Coatesville has a rich railroad history that goes back to the early 19th century, when the nation’s transportation system began to undergo radical expansion that changed how people and goods were moved over long distances. New York State finished the Erie Canal in the 1820s and Maryland could boast of the National Road. Farsighted leaders in Pennsylvania pushed for a similar transportation corridor to link Philadelphia with Pittsburgh. Located at opposite ends of the state, the former was an important Atlantic Ocean port and cultural center, while the latter provided access to the Ohio River and the productive agricultural lands of the Midwest.

Rushing to catch up, by 1836 Pennsylvania had completed the Main Line of Public Works, a system of railroads and canals that reduced travel time across the state from weeks to four days. In the southeastern part of the state, the Main Line consisted of the Philadelphia and Columbia Railroad, which established a depot in the 1830s on the west side of the West Branch of the Brandywine River as it passed through present-day Coatesville.

Maintenance proved expensive, prompting the state to sell the Main Line to the Pennsylvania Railroad (PRR) in 1857. Originally chartered to run from Harrisburg to Pittsburgh, by 1855 the railroad covered the entire distance between Philadelphia and Pittsburgh and severely cut into the Main Line’s profit margin. The PRR undertook a program to modernize, straighten and realign the tracks, and cities along its path prospered as points of trade where rural farmers and manufacturers could ship their goods to distant markets. From 1902-1904, the PRR constructed the stone masonry arch High Bridge across the Brandywine; more than a century later, it remains a landmark as one enters downtown Coatesville.

Iron and then steel were important products carried by rail from Coatesville mills to destinations across the East Coast. As early as the 1790s, area mills were producing valuable iron products. The city rose to national and international fame in the early 19th century through the fine boilerplates manufactured by the Brandywine Ironworks. By the next century, the mills had taken the Lukens family name and went on to become major suppliers of steel used in U.S. Navy vessels and landmarks such as the St. Louis Gateway Arch and Philadelphia’s Walt Whitman Bridge. Due to later acquisitions and mergers, the mills are now part of the ArcelorMittal Steel Company and are known for plate steel.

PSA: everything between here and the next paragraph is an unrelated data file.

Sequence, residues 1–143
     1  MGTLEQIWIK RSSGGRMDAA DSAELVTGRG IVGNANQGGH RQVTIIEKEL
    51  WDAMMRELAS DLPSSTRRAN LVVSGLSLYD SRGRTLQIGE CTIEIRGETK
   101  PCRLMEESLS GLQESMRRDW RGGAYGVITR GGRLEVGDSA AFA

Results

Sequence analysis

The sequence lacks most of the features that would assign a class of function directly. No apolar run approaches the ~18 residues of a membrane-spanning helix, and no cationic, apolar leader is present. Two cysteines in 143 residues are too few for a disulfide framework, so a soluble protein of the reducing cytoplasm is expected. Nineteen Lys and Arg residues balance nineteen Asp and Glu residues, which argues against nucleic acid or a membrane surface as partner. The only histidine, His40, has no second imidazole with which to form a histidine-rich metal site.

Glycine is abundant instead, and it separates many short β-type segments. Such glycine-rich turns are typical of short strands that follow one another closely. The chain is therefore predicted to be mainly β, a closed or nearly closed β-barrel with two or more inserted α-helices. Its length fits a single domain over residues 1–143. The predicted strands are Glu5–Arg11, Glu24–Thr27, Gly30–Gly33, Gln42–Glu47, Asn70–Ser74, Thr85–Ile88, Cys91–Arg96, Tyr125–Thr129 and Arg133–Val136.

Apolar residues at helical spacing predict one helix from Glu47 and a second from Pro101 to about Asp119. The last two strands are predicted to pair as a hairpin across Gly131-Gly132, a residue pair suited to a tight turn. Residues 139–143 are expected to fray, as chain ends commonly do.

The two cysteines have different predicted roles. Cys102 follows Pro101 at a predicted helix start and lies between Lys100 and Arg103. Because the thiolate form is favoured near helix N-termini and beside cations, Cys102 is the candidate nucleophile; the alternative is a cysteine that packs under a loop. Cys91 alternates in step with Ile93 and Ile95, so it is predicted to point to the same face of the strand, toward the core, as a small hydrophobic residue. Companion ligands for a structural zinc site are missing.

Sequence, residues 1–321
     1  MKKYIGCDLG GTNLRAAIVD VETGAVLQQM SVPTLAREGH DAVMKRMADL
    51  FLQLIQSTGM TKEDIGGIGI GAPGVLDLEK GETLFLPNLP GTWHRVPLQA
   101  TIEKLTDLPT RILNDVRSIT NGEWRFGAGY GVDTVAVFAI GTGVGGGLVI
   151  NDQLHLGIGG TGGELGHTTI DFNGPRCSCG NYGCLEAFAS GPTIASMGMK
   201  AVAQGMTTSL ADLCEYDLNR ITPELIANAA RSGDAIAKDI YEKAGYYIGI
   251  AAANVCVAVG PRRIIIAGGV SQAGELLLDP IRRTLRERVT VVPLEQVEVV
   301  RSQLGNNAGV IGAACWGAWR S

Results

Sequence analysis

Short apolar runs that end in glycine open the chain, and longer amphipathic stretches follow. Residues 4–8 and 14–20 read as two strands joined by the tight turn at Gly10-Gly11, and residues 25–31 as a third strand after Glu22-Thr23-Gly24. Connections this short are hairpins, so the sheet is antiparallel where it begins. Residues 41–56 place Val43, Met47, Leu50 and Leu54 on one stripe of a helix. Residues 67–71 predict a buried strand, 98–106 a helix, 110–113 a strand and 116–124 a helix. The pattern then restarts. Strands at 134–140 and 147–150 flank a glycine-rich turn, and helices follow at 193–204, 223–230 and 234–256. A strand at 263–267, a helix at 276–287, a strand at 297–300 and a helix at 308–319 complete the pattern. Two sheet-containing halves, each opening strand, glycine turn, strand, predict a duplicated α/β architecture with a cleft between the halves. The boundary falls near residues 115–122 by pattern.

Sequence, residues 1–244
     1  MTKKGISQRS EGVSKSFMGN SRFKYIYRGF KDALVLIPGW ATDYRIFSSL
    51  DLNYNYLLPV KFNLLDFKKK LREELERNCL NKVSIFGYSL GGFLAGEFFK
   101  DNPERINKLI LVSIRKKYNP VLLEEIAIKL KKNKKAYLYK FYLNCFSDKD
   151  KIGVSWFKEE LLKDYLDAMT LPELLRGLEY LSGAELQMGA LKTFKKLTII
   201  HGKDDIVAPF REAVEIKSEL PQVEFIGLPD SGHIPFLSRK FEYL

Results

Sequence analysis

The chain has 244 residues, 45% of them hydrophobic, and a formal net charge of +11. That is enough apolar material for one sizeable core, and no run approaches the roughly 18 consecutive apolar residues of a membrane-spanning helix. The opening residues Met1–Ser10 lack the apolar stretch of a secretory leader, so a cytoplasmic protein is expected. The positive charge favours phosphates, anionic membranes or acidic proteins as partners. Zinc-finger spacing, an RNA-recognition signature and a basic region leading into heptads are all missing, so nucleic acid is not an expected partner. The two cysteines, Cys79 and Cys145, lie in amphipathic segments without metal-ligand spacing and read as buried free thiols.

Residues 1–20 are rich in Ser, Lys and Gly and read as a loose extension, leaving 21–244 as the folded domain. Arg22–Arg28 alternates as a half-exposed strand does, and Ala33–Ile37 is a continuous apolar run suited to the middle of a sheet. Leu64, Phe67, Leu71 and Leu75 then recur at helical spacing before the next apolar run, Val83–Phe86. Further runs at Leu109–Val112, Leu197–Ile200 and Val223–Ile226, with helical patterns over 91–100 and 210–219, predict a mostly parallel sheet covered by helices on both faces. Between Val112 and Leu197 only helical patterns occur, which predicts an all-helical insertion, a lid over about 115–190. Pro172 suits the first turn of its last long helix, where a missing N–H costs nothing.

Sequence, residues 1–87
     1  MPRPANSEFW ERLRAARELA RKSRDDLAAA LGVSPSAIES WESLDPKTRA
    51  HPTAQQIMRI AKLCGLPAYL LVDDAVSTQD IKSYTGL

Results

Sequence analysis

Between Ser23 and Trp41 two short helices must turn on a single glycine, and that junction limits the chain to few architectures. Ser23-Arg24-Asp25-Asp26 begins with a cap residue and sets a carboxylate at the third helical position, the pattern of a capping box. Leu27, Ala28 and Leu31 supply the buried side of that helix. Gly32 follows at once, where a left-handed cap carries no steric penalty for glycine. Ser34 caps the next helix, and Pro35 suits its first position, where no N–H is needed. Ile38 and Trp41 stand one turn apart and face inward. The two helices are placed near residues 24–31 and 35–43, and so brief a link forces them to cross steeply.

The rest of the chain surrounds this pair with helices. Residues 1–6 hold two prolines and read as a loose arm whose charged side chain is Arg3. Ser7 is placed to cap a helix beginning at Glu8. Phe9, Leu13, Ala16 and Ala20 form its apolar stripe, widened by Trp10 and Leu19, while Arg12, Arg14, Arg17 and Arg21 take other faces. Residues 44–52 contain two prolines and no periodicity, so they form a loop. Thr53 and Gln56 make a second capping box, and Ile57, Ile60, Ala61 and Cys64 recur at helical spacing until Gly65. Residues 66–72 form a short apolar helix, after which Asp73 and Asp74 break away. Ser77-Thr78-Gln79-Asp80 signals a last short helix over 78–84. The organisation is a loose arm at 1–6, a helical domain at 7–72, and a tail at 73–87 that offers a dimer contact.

The town’s manufacturing heritage is recognized at the National Iron & Steel Heritage Museum, part of which is housed in the former downtown headquarters of the Lukens Steel Company. In addition to learning about how steel is made and the various steel products that came out of Coatesville, visitors may also tour nearby historic homes owned by the extended family that managed the mills throughout much of the 19th and 20th centuries.

Although Coatesville suffered economically from the decline of the American steel industry beginning in the 1970s, the city and the region have been undergoing redevelopment as Chester County has become the beneficiary of increasing demands for residential, recreational and retail facilities. Coatesville’s location near Philadelphia as well as its relatively low-cost of living has made it a prime competitor for this expanding market.

Amtrak’s Keystone Service is financed in part through funds made available by the Commonwealth of Pennsylvania.

Platform with Shelter


  • ATM not available
  • No elevator
  • No payphones
  • No Quik-Trak kiosks
  • No Restrooms
  • Unaccompanied child travel not allowed
  • No vending machines
  • No WiFi
  • Arrive at least 30 minutes prior to departure
  • Indicates an accessible service.


  • Amtrak Express shipping not available
  • No checked baggage service
  • No checked baggage storage
  • Bike boxes not available
  • No baggage carts
  • Ski bags not available
  • No bag storage
  • Shipping boxes not available
  • No baggage assistance


  • Same-day parking is not available
  • Overnight parking is not available
  • Indicates an accessible service.


  • No payphones
  • No accessible restrooms
  • No accessible ticket office
  • No accessible waiting room
  • No accessible water fountain
  • Same-day, accessible parking is not available
  • Overnight, accessible parking is not available
  • No high platform
  • No wheelchair
  • No wheelchair lift


Station Waiting Room Hours
No station waiting room hours at this location.
Ticket Office Hours
No ticket office at this location.
Passenger Assistance Hours
No passenger assistance service at this location.
Checked Baggage Service
No checked baggage at this location.
Parking Hours
No parking at this location.
Quik-Track Kiosk Hours
No Quik-Trak kiosks at this location.
Lounge Hours
No lounge at this location.
Amtrak Express Hours
No Amtrak Express at this location.